What? No More Annual Pelvic Exams?

Sandra Adamson Fryhofer, MD


August 20, 2014

Sandra Adamson Fryhofer, MD
Adjunct Associate Professor of Medicine, Emory University School of Medicine, Atlanta, Georgia; Past President, American College of Physicians

No More Routine Pelvic Exams...Really?

I am a female general internist. I provide well-woman screening -- including "the" pelvic exam -- for the vast majority of my patients. That's why new clinical practice guidelines from the American College of Physicians (ACP),[1] based on a comprehensive systematic review of 68 years' worth of English-language evidence, really caught my eye. I read ACP's strong recommendation: "ACP recommends against performing screening pelvic examination in asymptomatic, nonpregnant, adult women." My first thought was, "Really?" Next to mind was, "Controversial!"

Personal Disclosure: My Family History

My mom had ovarian cancer in her 40s. At the end of my second year of medical school, the evening after day 2 of my medical boards, my mom shared the bad news. She woke up in the middle of the night with abdominal pain. She went to the doctor and was told her ovaries were the size of footballs. She had a hysterectomy in which her uterus was removed, but not her ovaries. I'm not sure why. No one ever told her she needed to get her ovaries checked.

Surgery did reveal stage I, bilateral ovarian cancer. Pathology reports said it had not yet spread. But because of the large size of her ovaries and concern about micrometastases, her doctor decided to give her intra-abdominal radioactive phosphorus implants.

That was 22 years ago. My mom is still living, and her ovarian cancer has not returned.

Read the Fine Print: "Asymptomatic"

The fine-print details are key to understanding how this new recommendation applies to clinical practice. It only applies to women who are not pregnant. It only applies to asymptomatic women. Women with NO symptoms: no vaginal discharge, no pain, no abnormal (or unexpected) bleeding, no urinary problems, and no sexual dysfunction. Women who have symptoms still need a pelvic exam. The recommendation only applies to average-risk women.[1]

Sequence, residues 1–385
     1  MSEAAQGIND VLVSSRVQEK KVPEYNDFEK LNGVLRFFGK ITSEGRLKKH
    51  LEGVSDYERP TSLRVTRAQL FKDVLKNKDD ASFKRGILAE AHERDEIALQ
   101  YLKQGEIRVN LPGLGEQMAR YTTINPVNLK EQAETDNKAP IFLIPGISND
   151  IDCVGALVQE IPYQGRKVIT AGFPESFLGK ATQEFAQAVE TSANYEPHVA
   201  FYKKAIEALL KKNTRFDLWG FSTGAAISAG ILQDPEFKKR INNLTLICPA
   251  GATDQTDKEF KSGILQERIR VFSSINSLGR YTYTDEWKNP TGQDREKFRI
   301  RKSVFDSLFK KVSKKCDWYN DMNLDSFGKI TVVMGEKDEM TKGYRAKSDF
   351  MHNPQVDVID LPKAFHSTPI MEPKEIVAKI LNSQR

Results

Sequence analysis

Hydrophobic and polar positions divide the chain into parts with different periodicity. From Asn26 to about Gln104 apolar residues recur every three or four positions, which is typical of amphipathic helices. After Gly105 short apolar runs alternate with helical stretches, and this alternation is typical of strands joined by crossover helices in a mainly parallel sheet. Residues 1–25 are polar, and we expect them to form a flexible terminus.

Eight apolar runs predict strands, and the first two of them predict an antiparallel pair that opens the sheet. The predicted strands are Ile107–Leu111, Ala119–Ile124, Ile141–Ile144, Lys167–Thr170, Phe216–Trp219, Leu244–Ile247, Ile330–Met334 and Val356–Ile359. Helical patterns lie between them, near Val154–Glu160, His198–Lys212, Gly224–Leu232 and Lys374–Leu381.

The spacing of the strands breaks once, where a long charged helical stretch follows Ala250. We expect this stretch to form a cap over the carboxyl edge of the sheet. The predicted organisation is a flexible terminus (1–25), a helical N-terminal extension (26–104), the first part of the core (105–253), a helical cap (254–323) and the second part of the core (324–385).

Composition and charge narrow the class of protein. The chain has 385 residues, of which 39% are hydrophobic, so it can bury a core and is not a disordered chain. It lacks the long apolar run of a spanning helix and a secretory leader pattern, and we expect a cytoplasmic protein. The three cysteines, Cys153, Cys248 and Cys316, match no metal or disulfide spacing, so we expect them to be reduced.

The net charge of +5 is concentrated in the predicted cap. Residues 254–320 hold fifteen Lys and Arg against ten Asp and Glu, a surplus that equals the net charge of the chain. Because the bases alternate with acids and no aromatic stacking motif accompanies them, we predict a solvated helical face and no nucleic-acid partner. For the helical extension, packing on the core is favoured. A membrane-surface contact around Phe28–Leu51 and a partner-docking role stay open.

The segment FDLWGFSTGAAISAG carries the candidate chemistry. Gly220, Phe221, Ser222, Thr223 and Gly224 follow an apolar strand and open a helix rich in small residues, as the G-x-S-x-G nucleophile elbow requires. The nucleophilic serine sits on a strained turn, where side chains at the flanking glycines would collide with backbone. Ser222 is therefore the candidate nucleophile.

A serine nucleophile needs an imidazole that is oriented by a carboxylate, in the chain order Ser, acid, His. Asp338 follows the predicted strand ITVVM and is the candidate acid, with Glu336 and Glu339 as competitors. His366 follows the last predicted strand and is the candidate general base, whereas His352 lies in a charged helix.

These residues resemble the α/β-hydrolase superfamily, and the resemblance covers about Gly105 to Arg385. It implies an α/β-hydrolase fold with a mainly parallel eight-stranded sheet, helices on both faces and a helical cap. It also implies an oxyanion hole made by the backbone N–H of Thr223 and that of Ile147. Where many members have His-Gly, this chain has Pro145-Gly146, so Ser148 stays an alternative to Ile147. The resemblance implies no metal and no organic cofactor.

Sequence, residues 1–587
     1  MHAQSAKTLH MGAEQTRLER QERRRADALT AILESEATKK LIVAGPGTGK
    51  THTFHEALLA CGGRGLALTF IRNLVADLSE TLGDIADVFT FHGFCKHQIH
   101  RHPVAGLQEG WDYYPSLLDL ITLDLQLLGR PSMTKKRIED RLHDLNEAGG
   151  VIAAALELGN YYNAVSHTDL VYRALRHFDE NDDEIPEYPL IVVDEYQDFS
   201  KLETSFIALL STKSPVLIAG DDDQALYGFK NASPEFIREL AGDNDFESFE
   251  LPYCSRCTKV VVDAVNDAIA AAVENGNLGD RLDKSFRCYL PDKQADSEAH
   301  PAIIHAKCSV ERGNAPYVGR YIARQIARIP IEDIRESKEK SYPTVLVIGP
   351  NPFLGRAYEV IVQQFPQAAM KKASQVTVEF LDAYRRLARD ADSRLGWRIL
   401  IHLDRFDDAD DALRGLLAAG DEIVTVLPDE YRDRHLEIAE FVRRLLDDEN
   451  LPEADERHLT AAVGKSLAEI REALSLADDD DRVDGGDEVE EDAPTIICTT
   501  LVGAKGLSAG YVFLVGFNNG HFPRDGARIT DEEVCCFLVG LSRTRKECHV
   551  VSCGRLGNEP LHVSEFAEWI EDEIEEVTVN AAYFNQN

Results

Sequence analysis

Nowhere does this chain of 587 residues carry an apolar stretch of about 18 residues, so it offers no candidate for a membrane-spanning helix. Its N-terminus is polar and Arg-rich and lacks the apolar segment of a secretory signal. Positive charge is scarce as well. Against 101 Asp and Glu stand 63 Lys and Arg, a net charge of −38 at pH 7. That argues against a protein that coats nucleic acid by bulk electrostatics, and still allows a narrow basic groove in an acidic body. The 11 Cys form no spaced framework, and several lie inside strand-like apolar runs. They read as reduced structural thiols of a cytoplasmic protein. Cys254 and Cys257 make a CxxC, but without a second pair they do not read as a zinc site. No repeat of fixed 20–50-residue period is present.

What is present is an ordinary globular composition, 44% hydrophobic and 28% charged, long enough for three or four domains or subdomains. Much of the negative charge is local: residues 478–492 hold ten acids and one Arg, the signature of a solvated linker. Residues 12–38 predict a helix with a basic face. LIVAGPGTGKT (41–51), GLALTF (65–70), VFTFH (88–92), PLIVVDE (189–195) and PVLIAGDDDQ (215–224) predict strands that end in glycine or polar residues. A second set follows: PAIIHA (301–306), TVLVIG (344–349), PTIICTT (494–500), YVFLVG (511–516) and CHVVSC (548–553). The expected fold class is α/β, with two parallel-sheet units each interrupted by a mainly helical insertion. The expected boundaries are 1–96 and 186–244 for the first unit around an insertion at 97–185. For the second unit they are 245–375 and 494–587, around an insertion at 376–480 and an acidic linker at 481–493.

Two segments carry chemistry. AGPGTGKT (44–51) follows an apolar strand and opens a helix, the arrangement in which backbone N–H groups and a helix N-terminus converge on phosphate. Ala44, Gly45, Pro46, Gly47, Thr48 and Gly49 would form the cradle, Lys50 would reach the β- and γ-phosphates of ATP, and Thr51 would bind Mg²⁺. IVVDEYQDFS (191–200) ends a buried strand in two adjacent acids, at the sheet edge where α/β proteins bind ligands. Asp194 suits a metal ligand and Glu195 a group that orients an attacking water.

Fine-Tuning What Is Needed and What Is Not

Seeing this recommendation in black and white, published in the Annals of Internal Medicine, was surprising for me. But it is also consistent with the new wave of improving care and eliminating unnecessary tests and procedures, in the spirit of American Board of Internal Medicine's Choosing Wisely® campaign.[2] Let's face it: The time we have with patients is precious. We need to make the best use of it.

Change Is Happening Anyway

The value of a yearly pelvic exam seems logical. Conversely, seeing this recommendation in black and white could appear somewhat radical. But is it?

We've already been making baby steps in this direction. A pelvic exam is no longer required before prescribing oral contraceptives.[3] Because of new technologies and techniques, a pelvic exam is no longer required to screen for Chlamydia, bacterial vaginosis, or gonorrhea. These can be done with a urine test or self-collected swab.[3]

Pap smears (cervical cytology for cervical cancer screening) are no longer required annually. The current American College of Obstetricians and Gynecologists (ACOG) recommendation is to start cervical cancer screening at age 21 years, then screen at most every 3 years, with no cervical cancer screening after age 65 years.[4] Do understand: Regular cervical cancer screening is still "in," but the new recommendation says that the bimanual exam (for routine screening) is "out."[1]


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